14. So, I was really jazzed to read this book as it is a) a memoir, b) set in the 1980s, and c) about food. And there were parts of it I really liked. But, overall, I was a bit disappointed. Every time the book seemed to rev up, it let me down again. Part of the problem was the non-chronological nature of the book was hard to get any momentum for me as a reader when the author kept going back and forth in time (and not in an interesting way). And her time markers (TV shows, songs, etc. of the 80s) s [...]

    15. I read this one because we are considering it for our "Hillsdale County Reads" selection, but really didn't enjoy it at all. Narratively disjointed, it seemed to me to boil down to the author alternately whining and listing foods. Neither of which, frankly, is that interesting. When she started listing the foods that were mentioned in the "Little House on the Prairie" books, I nearly wanted to poke out my own eyeballs. I will admit that the last few chapters, where an adult Nguyen meets her moth [...]

    16. This is a memoir of a young Vietnamese girl who flees her homeland during the fall of Saigon, smuggled away along with her slightly older sister by her father, two uncles, and her grnadmother. They end up in a heavily Dutch part of Michigan, in Grand Rapids, where soon the family becomes more complicated with the introduction of a Mexican-American mother and a half-Anglo stepsister. Later on foster brothers, refugees from Vietnam, will add to the multicultural mix.There is a lot--and I do mean a [...]

    17. I picked this up on the New Book shelf at the library, attracted by the striking cover design. It's not a bad read -- a Vietnamese immigrant's account of growing up in drearily blonde Grand Rapids. The central conceit is Bich's fixation on American junk food as a symbol of belonging, but after a while the litany of brand names wore on me. I wanted more insight into herself and her unusual family (her father, a scrappy self-indulgent man, married a Mexican-American activist in what turned out to [...]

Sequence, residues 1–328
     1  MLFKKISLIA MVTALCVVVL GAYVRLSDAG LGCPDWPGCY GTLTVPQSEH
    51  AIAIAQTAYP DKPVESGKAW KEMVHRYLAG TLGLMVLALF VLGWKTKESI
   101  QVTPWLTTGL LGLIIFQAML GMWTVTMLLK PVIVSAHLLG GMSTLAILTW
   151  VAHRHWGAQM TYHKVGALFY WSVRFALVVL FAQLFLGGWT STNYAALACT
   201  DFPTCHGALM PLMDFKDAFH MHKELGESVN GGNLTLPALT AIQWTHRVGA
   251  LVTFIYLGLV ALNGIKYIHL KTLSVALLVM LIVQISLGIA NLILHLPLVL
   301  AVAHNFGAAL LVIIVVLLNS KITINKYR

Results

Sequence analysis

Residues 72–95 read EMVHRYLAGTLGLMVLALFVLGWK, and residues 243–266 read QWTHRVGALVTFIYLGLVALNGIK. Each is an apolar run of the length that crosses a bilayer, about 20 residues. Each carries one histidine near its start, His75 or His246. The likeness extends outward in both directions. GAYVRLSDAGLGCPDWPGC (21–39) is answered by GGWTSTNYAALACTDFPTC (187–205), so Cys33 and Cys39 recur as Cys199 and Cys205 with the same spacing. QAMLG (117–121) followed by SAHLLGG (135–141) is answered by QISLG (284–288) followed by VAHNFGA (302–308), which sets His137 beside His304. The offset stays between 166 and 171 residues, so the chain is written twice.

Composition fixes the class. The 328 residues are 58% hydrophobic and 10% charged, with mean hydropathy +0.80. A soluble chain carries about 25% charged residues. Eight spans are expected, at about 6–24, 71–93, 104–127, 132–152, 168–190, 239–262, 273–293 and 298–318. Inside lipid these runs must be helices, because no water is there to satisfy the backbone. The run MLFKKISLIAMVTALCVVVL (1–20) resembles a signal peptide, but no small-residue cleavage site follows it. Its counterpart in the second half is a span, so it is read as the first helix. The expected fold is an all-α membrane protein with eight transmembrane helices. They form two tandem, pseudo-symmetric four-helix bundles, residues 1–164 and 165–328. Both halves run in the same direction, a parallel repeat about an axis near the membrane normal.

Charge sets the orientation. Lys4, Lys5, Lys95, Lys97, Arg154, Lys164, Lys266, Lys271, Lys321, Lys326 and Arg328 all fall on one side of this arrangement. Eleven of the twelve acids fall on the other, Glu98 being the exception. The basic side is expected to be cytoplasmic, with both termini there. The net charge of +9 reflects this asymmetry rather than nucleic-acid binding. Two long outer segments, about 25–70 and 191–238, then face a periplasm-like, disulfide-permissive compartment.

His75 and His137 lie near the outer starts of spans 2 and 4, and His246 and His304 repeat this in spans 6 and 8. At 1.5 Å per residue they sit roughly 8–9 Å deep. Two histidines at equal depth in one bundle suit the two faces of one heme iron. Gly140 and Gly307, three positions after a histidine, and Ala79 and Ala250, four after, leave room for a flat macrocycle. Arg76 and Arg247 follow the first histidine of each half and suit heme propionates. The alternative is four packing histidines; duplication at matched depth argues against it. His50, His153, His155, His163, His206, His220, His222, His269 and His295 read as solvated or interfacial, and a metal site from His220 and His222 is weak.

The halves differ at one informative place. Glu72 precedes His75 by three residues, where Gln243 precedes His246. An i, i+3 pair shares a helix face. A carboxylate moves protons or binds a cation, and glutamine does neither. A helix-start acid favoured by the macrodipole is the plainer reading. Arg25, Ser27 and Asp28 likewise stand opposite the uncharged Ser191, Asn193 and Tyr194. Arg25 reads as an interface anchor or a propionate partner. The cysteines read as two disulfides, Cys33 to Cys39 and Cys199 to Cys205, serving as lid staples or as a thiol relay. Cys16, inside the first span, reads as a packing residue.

18. There's a poignant, vivid, well-written approx. 15-page magazine article looking back at growing up in Michigan feeling like an outsider by religion, race, and all family customs after immigrating from Viet Nam in the mid-70's in here. Author is skilled at evoking sibling issues and complicated neighborhood friendships.Unfortunately, this touching article is buried in another 250 pages of preoccupation with food. Junk food the American kids ate that she didn't have, "ethnic" food her family prep [...]

    19. Nguyen shares fascinating stories of her childhood, trapped in between an refugee and an American child. There are a few emotional points in this memoir that stick out, but the gist of the book is a study on 80s culture, coming of age, meshing families, and (most importantly) food. It is not the quickest read, but remains relevant and interesting.

    20. I LOVED this book.Although I am a white girl with dark hair, I could relate to the author. It seemed that she was pretty close to my age, the coveted red Tupperware lunchbox was a big giveaway! There was that one girl in my 5th grade class: long blonde hair down to her butt-that sometimes was done up in fancy french braids!-bright blue eyes,she was super skinny, and she was rich because she took ballet classes and wore Jordache jeans every day! Oh! She also had a beautiful name, Shaunda. So when [...]

    21. I really enjoyed this book, but some of it might have to do with the fact that I know the author's brother. Aside from that, it was just a really interesting memoir because it was different from my life as a kid. I'd always had friends from different cultures, many of them refugees, and was fascinated with their culture. I do remember my friend who was Indian (from India) hated her culture because she wanted to be American. That didn't last forever and by the time she was about 15 or 16 she star [...]

    22. Bich Minh Nguyen's humorous coming-of-age tale mines themes of loss and identity by cleverly retelling anecdotes in chapters dealing with__or gleefully obsessing over?__particular American foods. Her prose is engaging, and half the fun is reliving with her the pop culture of the 1980s. Rosa's role as "mom"/tyrant/activist is rich and resonating, but critics were split over the effect of Nguyen's birth mother, whose fleeting appearance is powerful but unexplained. The novel's chronology also caus [...]